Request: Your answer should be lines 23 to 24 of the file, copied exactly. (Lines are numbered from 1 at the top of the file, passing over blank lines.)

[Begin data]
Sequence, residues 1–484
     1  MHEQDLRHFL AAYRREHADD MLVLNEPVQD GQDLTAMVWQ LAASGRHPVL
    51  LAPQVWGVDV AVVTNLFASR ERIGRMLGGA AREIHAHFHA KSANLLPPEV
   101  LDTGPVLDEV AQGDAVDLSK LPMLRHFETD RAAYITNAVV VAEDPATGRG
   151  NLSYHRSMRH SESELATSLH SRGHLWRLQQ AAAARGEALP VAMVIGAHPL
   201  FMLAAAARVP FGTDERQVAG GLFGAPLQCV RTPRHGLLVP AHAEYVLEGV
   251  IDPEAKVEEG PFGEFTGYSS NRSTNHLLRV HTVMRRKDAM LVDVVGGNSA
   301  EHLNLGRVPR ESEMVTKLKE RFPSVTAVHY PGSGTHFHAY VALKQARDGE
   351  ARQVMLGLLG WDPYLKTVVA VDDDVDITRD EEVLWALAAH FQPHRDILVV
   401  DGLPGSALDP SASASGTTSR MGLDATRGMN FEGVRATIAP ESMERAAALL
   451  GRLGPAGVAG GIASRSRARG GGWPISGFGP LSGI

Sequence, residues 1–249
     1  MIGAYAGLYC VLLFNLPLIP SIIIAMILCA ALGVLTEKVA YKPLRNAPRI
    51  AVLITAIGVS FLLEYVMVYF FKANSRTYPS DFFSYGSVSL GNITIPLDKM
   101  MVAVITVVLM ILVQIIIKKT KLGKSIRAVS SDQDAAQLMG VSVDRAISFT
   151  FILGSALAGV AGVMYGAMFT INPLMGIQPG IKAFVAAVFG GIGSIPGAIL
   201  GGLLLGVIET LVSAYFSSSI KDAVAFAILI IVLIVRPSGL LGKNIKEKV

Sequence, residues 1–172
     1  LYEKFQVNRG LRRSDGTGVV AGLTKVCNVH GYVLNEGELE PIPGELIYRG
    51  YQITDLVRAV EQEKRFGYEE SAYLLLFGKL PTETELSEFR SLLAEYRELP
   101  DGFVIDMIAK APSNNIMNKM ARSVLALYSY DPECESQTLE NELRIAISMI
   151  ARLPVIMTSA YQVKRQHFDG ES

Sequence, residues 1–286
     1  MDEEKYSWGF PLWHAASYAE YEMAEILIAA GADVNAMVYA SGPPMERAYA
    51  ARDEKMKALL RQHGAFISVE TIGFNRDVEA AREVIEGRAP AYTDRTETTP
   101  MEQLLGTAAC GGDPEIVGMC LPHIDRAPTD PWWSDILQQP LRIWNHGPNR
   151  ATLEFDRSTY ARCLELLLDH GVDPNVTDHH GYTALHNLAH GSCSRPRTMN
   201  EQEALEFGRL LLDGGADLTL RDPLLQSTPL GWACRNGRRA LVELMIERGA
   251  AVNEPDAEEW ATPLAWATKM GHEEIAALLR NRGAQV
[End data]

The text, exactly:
Sequence, residues 1–286
     1  MDEEKYSWGF PLWHAASYAE YEMAEILIAA GADVNAMVYA SGPPMERAYA